• Well, unfortunately, that didn't work. I'm still getting the unable to find UEFI bootable device. Any other suggestions? I've been on the phone with HP support and they don't know what's wrong yet. – Mugurel Dec 15 '15 at 17:06
  • Don't install in UEFI mode. Install in Legacy mode. – ewwhite Dec 15 '15 at 17:22
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    Tried again - can't even get it to boot from the DVD-ROM when I set it in Legacy Mode. – Mugurel Dec 17 '15 at 10:32

I may be late to this party - but I hit the exact same issue recently and came across this is as one of the relatively few questions on this point - I was installing Debian on a DL60 server - and spent two days not getting anything to work, until I followed a throw away line from another question somewhere (I am sorry I forget where) - which led me to the really easy answer here :

Set "Enable SATA AHCI" under "System Options" in BIOS (from startup default settings (F9) to get it booting from the hard drive under Debian control not HP control. If you don't so this you'll waste 2 days like I just did.....and that is literally the only change I had to make at the end of the day !! It means you simply ignore ALL the HP RAID stuff entirely, but you are still using the UEFI side of life as far as Debian is concerned......

Hope it helps someone


  • Can confirm. I had the exact same problem w/ CentOS 7 on a HP ProLiant DL380 G9 server. Setting Enable SATA AHCI solved my problem (and I can now have a SW RAID) – Denys Vitali Nov 11 '17 at 17:35

You mentioned: However, the remaining issue is why am I still seeing 2 drives during the install process even though I have created a RAID 1 array using the HP Smart Storage interface.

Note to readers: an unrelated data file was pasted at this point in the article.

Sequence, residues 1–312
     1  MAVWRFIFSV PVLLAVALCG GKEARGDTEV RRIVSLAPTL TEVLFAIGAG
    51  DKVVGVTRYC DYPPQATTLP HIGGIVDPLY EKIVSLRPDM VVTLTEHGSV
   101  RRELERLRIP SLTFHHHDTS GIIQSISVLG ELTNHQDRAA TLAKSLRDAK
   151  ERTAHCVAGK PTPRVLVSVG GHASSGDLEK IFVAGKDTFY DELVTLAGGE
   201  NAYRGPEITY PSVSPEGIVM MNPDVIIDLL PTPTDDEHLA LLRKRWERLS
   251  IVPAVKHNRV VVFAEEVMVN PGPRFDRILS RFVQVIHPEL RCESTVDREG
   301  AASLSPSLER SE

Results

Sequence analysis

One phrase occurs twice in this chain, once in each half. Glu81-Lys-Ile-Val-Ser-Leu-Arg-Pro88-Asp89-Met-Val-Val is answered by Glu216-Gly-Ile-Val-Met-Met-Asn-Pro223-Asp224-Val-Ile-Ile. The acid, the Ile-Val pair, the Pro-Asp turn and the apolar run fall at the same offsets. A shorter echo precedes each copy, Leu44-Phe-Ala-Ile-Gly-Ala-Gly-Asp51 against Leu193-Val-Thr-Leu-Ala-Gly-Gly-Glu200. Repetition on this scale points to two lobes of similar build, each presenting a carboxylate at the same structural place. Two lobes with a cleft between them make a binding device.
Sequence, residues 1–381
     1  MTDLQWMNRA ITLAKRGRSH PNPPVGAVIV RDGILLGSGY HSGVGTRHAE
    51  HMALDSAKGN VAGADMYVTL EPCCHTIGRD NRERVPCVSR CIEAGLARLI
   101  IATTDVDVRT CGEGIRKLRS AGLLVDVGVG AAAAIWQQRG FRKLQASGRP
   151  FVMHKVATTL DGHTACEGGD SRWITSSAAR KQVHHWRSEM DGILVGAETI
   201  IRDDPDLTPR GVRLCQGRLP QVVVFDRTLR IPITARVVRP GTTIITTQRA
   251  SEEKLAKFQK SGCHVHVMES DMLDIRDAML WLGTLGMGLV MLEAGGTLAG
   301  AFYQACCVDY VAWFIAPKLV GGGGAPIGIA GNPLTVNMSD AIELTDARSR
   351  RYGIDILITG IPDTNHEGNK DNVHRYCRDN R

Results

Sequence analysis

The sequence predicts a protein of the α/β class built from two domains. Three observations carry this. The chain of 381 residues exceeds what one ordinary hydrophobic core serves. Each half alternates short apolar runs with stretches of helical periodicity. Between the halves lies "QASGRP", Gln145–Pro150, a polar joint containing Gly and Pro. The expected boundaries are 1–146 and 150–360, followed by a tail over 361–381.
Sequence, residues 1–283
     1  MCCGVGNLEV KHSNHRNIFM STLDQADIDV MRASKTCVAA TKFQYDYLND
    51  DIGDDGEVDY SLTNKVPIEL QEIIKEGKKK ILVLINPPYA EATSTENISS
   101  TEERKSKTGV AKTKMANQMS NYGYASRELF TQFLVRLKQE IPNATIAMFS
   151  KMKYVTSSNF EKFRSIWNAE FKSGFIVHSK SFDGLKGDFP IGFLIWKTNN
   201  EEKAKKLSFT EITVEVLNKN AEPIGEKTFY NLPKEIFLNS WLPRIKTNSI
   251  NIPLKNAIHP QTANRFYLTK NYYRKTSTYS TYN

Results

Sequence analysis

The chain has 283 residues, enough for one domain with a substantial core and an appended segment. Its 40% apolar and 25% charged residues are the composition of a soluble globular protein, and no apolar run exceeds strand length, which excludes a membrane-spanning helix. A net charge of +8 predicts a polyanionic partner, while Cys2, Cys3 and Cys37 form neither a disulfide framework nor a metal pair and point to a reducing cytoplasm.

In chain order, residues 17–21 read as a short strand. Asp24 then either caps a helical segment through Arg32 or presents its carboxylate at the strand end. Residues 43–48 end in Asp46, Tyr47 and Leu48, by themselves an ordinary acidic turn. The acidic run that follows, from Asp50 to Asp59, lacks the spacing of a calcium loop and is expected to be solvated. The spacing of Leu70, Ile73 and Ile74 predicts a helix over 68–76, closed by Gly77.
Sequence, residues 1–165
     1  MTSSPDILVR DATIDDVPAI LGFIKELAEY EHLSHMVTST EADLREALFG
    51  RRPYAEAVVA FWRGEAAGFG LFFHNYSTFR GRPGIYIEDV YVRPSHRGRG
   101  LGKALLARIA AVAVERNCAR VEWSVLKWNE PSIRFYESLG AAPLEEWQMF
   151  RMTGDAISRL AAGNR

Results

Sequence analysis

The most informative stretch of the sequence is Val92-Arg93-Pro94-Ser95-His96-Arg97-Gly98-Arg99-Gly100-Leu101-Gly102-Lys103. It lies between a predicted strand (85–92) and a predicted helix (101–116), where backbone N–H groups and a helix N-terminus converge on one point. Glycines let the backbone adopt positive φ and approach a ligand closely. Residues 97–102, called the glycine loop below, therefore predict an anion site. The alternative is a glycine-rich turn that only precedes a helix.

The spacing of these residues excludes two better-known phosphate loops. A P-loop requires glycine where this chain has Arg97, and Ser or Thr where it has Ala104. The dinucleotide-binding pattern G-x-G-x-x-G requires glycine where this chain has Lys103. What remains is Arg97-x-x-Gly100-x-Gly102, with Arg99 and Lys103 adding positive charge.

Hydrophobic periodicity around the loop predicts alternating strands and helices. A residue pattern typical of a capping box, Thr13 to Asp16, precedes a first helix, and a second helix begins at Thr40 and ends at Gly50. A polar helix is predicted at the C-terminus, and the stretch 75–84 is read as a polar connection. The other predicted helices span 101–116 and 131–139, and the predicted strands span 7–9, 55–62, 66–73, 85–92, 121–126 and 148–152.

You will see 2 drives even after RAID Configuration because the CentOS cannot detect RAID Driver. I came across this on different HP servers. You will need to load driver on setup.

Confirm your RAID Controller model.


I hit the same thing installing RHEL 7 on a DL60. Apparently RHEL/Centos 7 is incompatible with the b140i Smart Array drivers on HP gen9 controllers. Here's how finally got RHEL to load on the DL60:

  1. Download the hpdsa (or hpvsa) driver from HP. For mine it is a B140i controller: http://h20565.www2.hpe.com/hpsc/swd/public/detail?sp4ts.oid=7304563&swItemId=MTX_186b4a75315c4de1ae2e93ee94&swEnvOid=4176
  2. On a Linux machine use the dd command to copy to a USB drive: dd if=hpdsa-..x86_64.dd of=/dev/sdc1)
  3. Boot the DL60 using the RHEL/CentOS disk. At the Installation Option screen press 'e' to edit the install command. Append 'modprobe.blacklist=ahci inst.dd' to the end of the line that starts with linuxefi: linuxefi /Images/pxeboot/vmlinuz inst.stage2=hd:LABEL-RHEL-7.0\x20Server .x86_64 quiet modprobe.blacklist=ahci inst.dd
  4. At the 'Driver disk device selection' enter 'r' to refresh. Select your USB drive from the list (sda1, etc.). Select the 'hpdsa' from the driver list. Select 'c' to continue.